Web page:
Tuesday, September 15, 2015


Now listen, Mike. Listen carefully. I'm going to pronounce a few words. They're harmless words. Just a bunch of letters scrambled together. But their meaning is very important. Try to understand what they mean:

"How Star Trek Explains The Decline Of Liberalism."

"This essay appears in the Summer 2015 issue of the Claremont Review of Books."

5092 words.

You sure you have the guts? Alright, buddy, but once we're in we're not coming back till the mission is over.
The best expression of their spirit was John F. Kennedy’s Inaugural Address, with its proud promise to “pay any price, bear any burden, meet any hardship, support any friend, oppose any foe, in order to assure the survival and the success of liberty.” 
This could have been declaimed by Captain James T. Kirk...
You weasel, get back to your position! Tie him down, Sliverberg; it only gets rougher from here.

Anyway, the author, Timothy Sandefur, tells us in the beginning Gene Roddenberry and his fellow World War II vets hated the Communists -- the Klingons -- and the hippies -- the Organians -- but then, for reasons no one can explain, in "The Apple"* ("Worst episode ever!" the fat guy cries), Spock spoiled everything by going multicultural:
Spock is more indulgent. “There are many who are uncomfortable with what we have created,” he tells the captain, “the planned communities, the programming, the sterilized, artfully balanced atmospheres.” Spock insists he does not share their views, yet he secretly admires them, and devotes his considerable scientific skills to helping locate their paradise planet. Later, he tells one of the few survivors of the acid, “It is my sincere wish that you do not give up your search for Eden. I have no doubt but that you will find it, or make it yourselves.” The skeptical, spirited Kirk could never utter such words.
Roddenberry, for some reason, was giving Spock the good lines! Had the Reds gotten to him? It could be that Gene and the crew knew it couldn't all be heroic Kirk speeches (especially after they got a load of Shatner), and needed some yang for his yin... but no, none of these trivial dramatic necessities occur to Sandefur, who ties Spock's moral relativism to "the New Left" (probably represented by some radical key grip who altered the script to follow the Stalinist line on his gold-plated overtime) and teleports his narrative in a huff to 1991,"months after Roddenberry’s death," so that Kenneroddenberry may remain in memory pure while beatniks trash his neoliberal legacy.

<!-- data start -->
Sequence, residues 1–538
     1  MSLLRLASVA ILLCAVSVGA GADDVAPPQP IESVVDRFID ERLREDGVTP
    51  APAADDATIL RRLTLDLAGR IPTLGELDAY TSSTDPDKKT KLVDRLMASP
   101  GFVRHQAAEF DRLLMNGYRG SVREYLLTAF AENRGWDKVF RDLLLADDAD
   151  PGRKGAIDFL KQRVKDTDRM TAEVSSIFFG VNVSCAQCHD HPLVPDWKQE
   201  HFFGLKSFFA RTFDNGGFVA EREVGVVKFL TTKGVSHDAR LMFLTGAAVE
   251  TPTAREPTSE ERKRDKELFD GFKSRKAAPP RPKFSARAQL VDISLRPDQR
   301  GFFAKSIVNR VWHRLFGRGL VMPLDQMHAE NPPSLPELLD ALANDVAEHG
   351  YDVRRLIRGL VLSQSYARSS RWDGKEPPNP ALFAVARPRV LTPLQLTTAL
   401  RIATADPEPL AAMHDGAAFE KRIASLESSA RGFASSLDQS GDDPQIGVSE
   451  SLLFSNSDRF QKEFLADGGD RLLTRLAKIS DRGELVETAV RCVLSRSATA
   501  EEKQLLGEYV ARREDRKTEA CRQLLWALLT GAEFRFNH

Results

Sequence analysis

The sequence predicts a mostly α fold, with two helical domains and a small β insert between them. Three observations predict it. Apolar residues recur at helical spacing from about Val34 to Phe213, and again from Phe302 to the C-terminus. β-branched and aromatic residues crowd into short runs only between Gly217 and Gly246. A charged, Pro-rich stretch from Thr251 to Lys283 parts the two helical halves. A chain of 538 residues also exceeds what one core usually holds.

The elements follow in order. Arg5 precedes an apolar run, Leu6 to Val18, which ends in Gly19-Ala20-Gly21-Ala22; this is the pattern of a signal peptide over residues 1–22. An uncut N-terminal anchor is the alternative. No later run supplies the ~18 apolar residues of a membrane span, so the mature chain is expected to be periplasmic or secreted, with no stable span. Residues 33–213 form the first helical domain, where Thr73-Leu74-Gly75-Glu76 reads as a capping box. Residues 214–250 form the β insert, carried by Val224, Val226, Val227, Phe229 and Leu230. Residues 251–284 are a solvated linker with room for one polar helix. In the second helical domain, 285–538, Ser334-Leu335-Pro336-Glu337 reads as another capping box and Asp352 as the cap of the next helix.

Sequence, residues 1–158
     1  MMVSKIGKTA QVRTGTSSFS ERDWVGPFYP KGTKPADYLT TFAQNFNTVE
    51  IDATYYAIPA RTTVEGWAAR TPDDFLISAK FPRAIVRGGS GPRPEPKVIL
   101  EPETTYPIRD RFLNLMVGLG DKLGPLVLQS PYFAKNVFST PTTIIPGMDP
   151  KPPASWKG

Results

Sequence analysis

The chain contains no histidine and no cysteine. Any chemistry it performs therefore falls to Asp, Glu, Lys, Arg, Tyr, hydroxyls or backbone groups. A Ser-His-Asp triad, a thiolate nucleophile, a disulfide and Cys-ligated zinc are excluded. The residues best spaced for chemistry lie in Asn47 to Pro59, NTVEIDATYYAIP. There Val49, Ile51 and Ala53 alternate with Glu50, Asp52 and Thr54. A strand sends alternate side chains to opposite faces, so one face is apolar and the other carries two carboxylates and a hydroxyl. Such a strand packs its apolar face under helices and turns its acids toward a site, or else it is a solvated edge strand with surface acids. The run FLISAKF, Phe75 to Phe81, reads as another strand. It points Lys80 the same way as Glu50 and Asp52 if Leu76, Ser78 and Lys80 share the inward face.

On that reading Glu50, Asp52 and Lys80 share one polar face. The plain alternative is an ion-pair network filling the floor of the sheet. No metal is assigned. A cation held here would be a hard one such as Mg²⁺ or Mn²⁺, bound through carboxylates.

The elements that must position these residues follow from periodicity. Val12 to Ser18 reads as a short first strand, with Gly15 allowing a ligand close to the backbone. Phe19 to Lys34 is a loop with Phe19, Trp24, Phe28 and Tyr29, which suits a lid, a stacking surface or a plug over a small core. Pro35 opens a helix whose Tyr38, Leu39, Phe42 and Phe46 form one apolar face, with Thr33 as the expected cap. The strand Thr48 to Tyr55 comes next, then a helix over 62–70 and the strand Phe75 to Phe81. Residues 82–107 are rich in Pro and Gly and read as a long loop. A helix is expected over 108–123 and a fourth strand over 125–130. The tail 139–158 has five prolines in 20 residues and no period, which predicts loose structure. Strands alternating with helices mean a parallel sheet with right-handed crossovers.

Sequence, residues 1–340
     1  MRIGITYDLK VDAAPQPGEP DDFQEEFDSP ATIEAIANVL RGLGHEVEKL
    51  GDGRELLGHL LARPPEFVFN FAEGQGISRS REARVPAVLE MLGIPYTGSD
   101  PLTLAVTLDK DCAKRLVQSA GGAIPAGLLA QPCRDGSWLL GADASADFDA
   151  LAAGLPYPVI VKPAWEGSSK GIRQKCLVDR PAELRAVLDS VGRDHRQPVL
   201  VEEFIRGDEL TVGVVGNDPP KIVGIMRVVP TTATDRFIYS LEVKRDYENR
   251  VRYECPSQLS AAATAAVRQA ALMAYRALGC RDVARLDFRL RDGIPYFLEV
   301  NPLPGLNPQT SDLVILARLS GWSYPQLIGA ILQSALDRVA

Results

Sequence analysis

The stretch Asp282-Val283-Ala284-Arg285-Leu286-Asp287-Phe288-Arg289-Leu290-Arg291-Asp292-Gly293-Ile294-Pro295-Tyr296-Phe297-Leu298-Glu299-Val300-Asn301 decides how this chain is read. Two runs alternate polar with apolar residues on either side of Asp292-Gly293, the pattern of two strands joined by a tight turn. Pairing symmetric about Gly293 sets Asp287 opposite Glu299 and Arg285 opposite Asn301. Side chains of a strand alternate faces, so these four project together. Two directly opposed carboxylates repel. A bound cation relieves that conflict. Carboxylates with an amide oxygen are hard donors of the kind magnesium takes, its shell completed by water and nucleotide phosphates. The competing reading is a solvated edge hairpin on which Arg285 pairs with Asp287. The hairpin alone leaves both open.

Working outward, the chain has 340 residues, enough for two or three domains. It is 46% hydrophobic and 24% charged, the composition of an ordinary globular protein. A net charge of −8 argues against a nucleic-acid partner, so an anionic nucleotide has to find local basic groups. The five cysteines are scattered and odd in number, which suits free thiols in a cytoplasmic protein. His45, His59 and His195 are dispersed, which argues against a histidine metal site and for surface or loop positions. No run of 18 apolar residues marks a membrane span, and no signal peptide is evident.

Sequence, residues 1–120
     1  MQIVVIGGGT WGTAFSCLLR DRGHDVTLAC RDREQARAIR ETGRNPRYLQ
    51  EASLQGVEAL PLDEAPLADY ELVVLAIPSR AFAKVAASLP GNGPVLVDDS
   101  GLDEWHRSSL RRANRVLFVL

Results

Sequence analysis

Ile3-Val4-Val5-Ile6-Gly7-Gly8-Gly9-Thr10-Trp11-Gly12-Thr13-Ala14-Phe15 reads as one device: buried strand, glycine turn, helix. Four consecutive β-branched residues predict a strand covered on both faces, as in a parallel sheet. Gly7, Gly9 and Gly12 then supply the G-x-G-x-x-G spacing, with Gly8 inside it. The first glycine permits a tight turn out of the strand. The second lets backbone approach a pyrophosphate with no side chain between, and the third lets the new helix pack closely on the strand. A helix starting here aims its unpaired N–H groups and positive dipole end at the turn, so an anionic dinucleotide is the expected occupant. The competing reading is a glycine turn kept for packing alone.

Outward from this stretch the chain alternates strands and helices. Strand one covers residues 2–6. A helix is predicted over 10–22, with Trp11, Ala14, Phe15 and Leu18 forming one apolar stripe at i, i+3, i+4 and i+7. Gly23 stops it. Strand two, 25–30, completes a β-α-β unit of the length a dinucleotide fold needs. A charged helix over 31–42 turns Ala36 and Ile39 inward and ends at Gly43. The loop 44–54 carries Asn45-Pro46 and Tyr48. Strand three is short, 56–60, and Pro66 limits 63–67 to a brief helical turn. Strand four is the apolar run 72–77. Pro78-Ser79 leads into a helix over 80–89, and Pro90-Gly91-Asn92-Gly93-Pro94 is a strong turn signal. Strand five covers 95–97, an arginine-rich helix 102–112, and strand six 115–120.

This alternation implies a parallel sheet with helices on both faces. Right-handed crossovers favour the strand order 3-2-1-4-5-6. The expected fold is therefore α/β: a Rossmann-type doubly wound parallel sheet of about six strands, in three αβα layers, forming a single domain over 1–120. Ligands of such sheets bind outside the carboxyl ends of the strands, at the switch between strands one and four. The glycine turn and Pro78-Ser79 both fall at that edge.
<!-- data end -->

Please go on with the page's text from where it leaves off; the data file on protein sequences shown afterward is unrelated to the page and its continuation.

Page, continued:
The weaker members of the crew scream "Nerrrrrrrrrds" as we pass these flaming rhetorical dung-satellites:
The dungeon in which Kirk is imprisoned in this film is on a par with Stalin’s jails.
[“Star Trek: The Next Generation"] featured false equivalency on a grand scale. The show premiered a year after feminist philosopher of science Sandra Harding referred to Newton’s “Principia” as a “rape manual,” and a year before Jesse Jackson led Stanford student protesters chanting, “Hey, hey, ho, ho, Western Civ has got to go!”
The Ba’ku would have nauseated Captain Kirk. Here is a species that lives “The Apple” not as captives but as willing participants. They have given up growth for stagnation, which they have mistaken for life. Yet the audience is expected to admire this.
Etc.  In the end, Sandefur is retucking his shirt furiously, lamenting that “'Star Trek’s' romance with relativism gradually blotted them out until the franchise came to prize feeling over thought, image over substance, and immediate gratification over moral and political responsibility." And at no point does he betray any awareness that people watched the show, not because the Statist Overlords forced them too, but because they enjoyed it, and if there were a market for Star Hayek, someone would have made it. But the laws of capitalism never seem to apply to capitalists, and the way of the world never makes sense to a dork.

UPDATE. Comments are thus:

"Wait until Sandefur finds out that 'Laverne and Shirley' debuted a year after feminist author Susan Brownmiller declared 'pornography is the theory, rape is the practice,'" hoo-boys Jeffrey_Kramer.  Kordo sees my Star Hayek and raises with Burke to the Future. (Except Burke's not really conservative, see, because -- oh, hell, I guess I'm just a different kind of nerd.)

Sarcastr0 digs up a Sandefur guest-post at The Volokh Conspiracy in 2014 (pre-sellout), in which  he says the welfare state is unconstitutional and we should make it constitutional by amending the Constitution if we really want to have it, but psych, libtards -- "a constitutional amendment can itself be unconstitutional," because there's nothing in the Declaration of Independence about food stamps for moochers; also, "to the extent that the U.S. government operates contrary to those principles, its actions, too, are illegitimate acts of usurpation, and deserve to be treated as such." Wonder if the Kim Davis tsimmis has got him refurbishing his treehouse in anticipation of a Natural Law uprising.

*A few readers point out that Sandefur mistakes "The Way to Eden" for "The Apple." Gary Farber seems to think it was incumbent on me to correct him, but honestly, why would I fact-check a Star Trek reference? I wasn't arguing with his interpretation, which would require understanding of the references, but with the whole crackpot idea that old TV shows should be torn up for wrongthink by political operatives. I mean, most of the people who used to talk down the "Leave It To Beaver" view of family life did it as a joke, not as a 5,000-word essay.

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